News & Events

WRC Seminar Temporary Work and Longer Working

A magnifying glass was held up to two key aspects of work at a Workplace Relations Commission Seminar held in Dublin Castle today.

Attracting some of the country’s most eminent experts and academics, The World of Work: A Shifting Landscape delved into current and prospective changes that affect or will shortly affect a very large proportion of the Irish workforce – are temporary work contracts more and more a feature of working life; what are the implications of an aging workforce on employment relations and what broader policy questions need to be considered.

“The way we work is changing, and the length of time we spend in work is changing” said Oonagh Buckley Director General of the Workplace Relations Commission, “and seminars such as this, allow us the time and space to debate how these changes affect not only staff and employees, but society as a whole.”

Temporary Workers

Speaking at the Seminar, Professor Seamus McGuinness of the ESRI noted that while temporary employment may not be increasing overall, there is clear evidence that temporary workers are found across all education levels, sectors, occupations and organisational sizes and that the likelihood of living in a household at risk of poverty in Ireland is 7% higher for those in temporary, compared to permanent employment.

Liam Cox, Ireland Manager of Deliveroo spoke out how about the “gig” model works for Deliveroo but stated that it works well for the people who work with them as well while Professor Michael Doherty of Maynooth University spoke to the societal challenges and possible responses that are arising from social platforms that, in effect, are creating a new employment model.

Longer Working

Professor Colm O Cinneide of the University of London spoke at the seminar about the aging European and global population. In Ireland “the number of people over 65 is increasing by almost 20,000 every year and, by 2041, there will be 2.44 million aged 60 and over living on the island of Ireland, making up nearly one third of its total population”. In this regard, Professor O Cinneide stated that, apart from managing the consequent pension funding issue, society will need to adapt to recognise that people themselves place great emphasis on self-realisation through work will continue throughout life, and if such people feel unfairly treated in this regard there could be broader legal consequences for employers and policy makers.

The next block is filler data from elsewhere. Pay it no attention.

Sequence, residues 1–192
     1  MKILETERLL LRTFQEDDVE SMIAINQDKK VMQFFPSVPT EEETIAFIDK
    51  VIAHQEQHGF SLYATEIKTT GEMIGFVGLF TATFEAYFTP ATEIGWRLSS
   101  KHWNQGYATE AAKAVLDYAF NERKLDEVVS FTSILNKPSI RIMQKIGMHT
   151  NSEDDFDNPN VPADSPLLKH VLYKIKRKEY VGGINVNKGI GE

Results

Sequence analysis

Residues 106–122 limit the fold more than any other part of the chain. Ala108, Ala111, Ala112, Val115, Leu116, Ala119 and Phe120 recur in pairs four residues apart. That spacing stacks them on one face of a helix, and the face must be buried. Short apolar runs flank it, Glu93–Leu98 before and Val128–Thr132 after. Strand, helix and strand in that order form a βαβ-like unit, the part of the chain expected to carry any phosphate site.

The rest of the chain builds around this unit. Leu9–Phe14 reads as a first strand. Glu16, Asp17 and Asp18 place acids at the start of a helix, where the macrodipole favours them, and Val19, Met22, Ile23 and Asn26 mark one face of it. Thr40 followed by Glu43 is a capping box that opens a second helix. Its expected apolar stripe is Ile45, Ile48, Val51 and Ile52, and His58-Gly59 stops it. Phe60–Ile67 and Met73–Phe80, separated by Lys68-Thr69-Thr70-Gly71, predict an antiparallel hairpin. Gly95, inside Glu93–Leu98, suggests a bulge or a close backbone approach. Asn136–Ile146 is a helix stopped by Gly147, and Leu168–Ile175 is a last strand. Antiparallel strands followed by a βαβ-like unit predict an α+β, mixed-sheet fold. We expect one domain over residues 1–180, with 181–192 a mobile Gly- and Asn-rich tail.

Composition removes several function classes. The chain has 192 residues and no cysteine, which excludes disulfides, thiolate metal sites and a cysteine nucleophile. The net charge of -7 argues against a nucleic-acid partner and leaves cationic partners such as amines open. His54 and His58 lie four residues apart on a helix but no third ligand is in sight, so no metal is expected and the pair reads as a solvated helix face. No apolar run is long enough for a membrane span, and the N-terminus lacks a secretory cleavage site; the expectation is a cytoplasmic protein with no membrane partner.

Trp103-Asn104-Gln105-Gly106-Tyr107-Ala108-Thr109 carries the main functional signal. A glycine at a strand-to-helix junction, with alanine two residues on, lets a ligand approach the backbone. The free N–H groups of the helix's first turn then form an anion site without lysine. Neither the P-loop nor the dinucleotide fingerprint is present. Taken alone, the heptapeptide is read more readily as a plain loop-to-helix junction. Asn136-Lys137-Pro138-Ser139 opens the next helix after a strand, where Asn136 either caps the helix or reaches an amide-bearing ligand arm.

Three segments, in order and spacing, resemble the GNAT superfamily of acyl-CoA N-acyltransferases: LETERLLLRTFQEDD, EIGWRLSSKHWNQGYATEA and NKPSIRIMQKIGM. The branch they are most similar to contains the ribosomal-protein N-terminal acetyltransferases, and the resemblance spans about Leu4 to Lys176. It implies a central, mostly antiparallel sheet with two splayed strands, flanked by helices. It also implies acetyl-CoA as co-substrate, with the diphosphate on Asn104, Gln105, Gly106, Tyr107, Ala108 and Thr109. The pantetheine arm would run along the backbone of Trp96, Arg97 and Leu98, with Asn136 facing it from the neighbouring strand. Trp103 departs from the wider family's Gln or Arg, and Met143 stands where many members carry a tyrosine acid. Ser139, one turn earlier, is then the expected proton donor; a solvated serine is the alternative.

Professor Alan Barrett of the ESRI added to the debate and asked “do we need to think about life-long learning as a longer curve than currently, is an elder care debate overdue, and, facing the reality of physical and cognitive decline as we get older then what jobs are suitable and what accommodation can be made for older workers to continue in work”.

Commenting on the subject of ‘Longer Working’ Minister Pat Breen said that issues around retirement age in both the public and private sector are very topical. He said the recent adoption of a new Code of Practice was welcome and that it should act as a useful guide to employers and employees in the run up to this important milestone in people’s working lives.   Reflecting on the fact that, happily, people are living longer and healthier lives, the Minister said “It is in the interests of both employers and employees to reach mutually beneficial arrangements in the lead in period to retirement”.

ENDS

For any press related queries please contact Alison Nulty on: 0864133031

Note to Editors

Functions of the Workplace Relations Commission

The main functions of the WRC are to:

  • Promote the improvement of workplace relations, and the maintenance of good workplace relations,
  • Promote and encourage compliance with relevant employment legislation,
  • Provide guidance in relation to compliance with Codes of Practice,
  • Conduct reviews of, and monitor developments, in workplace relations generally,
  • Conduct or commission relevant research and provide advice, information and the findings of research to Joint Labour Committees and Joint Industrial Councils,
  • Advise the Minister for Jobs, Enterprise and Innovation in relation to the application of, and compliance with, relevant legislation, and to
  • Provide information to the public in relation to employment legislation (other than the Employment Equality Act).

 

 

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